6. An essential feature of support for the inalienable right to life, from conception to natural death, is the effort to provide legal protection for the unborn, the handicapped, the elderly, and those suffering from terminal illness. As Bishops, you must continue to draw attention to the relationship of the moral law to constitutional and positive law in your society: "Laws which legitimize the direct killing of innocent human beings are in complete opposition to the inviolable right to life proper to every individual; they thus deny the equality of everyone before the law" (Evangelium Vitae, 72). What is at stake here is nothing less than the indivisible truth about the human person on which the Founding Fathers staked your nation's claim to independence. The life of a country is much more than its material development and its power in the world. A nation needs a "soul". It needs the wisdom and courage to overcome the moral ills and spiritual temptations inherent in its march through history. In union with all those who favor a "culture of life" over a "culture of death", Catholics, and especially Catholic legislators, must continue to make their voices heard in the formulation of cultural, economic, political and legislative projects which, "with respect for all and in keeping with democratic principles, will contribute to the building of a society in which the dignity of each person is recognized and the lives of all are defended and enhanced" (Evangelium Vitae, 90). Democracy stands or falls with the values which it embodies and promotes (cf. Evangelium Vitae, 70). In defending life you are defending an original and vital part of the vision on which your country was built. America must become, again, a hospitable society, in which every unborn child and every handicapped or terminally ill person is cherished and enjoys the protection of the law.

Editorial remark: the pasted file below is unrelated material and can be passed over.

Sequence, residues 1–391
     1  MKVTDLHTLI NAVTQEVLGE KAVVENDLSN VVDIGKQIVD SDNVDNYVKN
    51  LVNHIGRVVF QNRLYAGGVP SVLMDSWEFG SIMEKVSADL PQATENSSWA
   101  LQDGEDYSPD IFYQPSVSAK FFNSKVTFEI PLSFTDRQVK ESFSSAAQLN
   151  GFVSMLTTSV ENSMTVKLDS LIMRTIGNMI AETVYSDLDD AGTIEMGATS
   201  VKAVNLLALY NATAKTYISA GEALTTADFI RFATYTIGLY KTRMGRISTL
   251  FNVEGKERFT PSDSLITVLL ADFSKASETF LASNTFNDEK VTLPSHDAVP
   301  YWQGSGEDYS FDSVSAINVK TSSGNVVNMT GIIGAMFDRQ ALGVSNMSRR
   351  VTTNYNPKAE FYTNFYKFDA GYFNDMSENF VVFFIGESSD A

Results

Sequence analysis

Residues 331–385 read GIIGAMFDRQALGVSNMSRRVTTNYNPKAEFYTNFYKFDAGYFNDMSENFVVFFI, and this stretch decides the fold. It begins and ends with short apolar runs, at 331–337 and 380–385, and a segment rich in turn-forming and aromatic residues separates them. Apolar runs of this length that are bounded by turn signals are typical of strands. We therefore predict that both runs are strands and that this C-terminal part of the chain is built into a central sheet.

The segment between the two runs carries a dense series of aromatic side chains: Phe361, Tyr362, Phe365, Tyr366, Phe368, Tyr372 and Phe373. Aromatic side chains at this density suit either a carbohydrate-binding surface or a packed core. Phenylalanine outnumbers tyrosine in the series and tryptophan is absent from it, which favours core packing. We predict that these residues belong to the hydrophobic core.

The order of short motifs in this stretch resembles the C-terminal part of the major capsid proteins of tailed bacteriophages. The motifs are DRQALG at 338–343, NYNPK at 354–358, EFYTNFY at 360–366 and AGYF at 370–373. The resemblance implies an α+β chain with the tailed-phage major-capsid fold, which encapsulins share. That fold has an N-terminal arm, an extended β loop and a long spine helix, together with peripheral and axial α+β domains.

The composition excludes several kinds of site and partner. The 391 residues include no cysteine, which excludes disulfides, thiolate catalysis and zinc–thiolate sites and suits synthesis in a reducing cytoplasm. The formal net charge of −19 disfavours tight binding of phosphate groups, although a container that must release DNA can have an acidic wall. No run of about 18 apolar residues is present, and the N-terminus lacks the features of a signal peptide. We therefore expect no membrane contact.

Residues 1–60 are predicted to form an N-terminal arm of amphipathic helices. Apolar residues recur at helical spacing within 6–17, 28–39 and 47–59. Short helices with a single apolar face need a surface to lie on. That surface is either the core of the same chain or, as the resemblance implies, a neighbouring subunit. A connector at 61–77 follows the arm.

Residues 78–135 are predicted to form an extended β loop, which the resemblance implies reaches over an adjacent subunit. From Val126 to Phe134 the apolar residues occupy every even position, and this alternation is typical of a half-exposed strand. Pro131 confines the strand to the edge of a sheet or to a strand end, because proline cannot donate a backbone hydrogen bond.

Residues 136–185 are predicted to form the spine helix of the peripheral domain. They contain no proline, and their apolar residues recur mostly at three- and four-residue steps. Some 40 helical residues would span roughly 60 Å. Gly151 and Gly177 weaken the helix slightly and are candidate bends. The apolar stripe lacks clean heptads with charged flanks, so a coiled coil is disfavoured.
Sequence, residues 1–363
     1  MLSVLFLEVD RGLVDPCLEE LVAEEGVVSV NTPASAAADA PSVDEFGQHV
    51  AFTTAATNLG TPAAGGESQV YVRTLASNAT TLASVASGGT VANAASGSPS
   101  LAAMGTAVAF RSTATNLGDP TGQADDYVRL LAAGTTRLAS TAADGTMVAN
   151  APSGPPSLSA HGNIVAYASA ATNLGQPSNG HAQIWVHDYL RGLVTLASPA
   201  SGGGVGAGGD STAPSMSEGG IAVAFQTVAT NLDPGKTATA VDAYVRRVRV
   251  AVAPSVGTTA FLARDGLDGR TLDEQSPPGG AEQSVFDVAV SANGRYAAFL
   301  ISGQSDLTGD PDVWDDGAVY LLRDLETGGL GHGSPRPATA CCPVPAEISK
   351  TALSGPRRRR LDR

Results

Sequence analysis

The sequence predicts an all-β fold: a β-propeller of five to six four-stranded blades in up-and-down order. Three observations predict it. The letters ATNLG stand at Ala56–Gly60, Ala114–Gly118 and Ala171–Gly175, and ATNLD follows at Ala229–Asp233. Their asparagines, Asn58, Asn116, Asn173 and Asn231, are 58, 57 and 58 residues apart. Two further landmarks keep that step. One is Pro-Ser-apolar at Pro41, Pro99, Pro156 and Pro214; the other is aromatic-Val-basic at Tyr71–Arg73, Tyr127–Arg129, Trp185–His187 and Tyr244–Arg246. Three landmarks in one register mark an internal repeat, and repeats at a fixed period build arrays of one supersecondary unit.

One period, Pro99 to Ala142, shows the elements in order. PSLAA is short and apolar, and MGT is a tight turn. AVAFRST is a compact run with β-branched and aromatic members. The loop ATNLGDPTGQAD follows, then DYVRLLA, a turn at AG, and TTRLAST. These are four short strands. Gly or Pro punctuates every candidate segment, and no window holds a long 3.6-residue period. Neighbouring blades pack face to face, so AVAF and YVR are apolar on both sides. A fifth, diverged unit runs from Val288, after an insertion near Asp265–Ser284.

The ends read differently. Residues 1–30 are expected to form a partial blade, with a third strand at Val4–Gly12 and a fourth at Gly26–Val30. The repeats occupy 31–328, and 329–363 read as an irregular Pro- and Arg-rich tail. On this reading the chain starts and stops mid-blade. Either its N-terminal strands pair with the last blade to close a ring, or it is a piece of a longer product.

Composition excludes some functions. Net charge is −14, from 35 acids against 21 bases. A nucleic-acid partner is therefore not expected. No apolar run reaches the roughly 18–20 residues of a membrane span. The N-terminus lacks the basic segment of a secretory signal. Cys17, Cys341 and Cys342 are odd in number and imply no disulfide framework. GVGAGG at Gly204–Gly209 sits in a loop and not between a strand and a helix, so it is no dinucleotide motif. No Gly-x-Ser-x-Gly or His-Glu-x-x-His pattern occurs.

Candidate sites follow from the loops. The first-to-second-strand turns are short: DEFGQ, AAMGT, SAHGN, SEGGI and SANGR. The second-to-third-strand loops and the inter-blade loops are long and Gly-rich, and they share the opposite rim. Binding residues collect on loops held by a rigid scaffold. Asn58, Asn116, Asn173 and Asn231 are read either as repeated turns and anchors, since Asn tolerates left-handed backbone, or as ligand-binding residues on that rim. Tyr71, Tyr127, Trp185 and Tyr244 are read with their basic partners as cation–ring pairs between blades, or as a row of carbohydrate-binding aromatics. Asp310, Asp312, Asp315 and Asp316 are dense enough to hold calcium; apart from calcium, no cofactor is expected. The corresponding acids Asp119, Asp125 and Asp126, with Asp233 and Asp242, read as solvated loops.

7. Dear Brother Bishops, Catholic moral teaching is an essential part of our heritage of faith; we must see to it that it is faithfully transmitted, and take appropriate measures to guard the faithful from the deceit of opinions which dissent from it (cf Veritatis Splendor, 26 and 113). Although the Church often appears as a sign of contradiction, in defending the whole moral law firmly and humbly she is upholding truths which are indispensable for the good of humanity and for the safeguarding of civilization itself. Our teaching must be clear; it must recognize the drama of the human condition, in which we all struggle with sin and in which we must all strive, with the help of grace, to embrace the good (cf Gaudium et Spes, 13). Our task as teachers is to "show the inviting splendor of that truth which is Jesus Christ Himself' (Veritatis Splendor, 83). Living the moral life involves holding fast to the very person of Jesus, partaking of His life and destiny, sharing in His free and loving obedience to the will of the Father.

May your fidelity to the Lord and the responsibility for His Church which He has given you make you personally vigilant to ensure that only sound doctrine of faith and morals is presented as Catholic teaching. Invoking the intercession of Our Lady upon your ministry, I cordially impart my Apostolic Blessing to you and to the priests, religious and lay faithful of your Dioceses.

John Paul II

October 2, 1998

See Pope's address March 20, 2004 - Life Sustaining Treatments & "Persistent Vegetative State"

Related Statement
Taking a stand against causing death, March 2,2005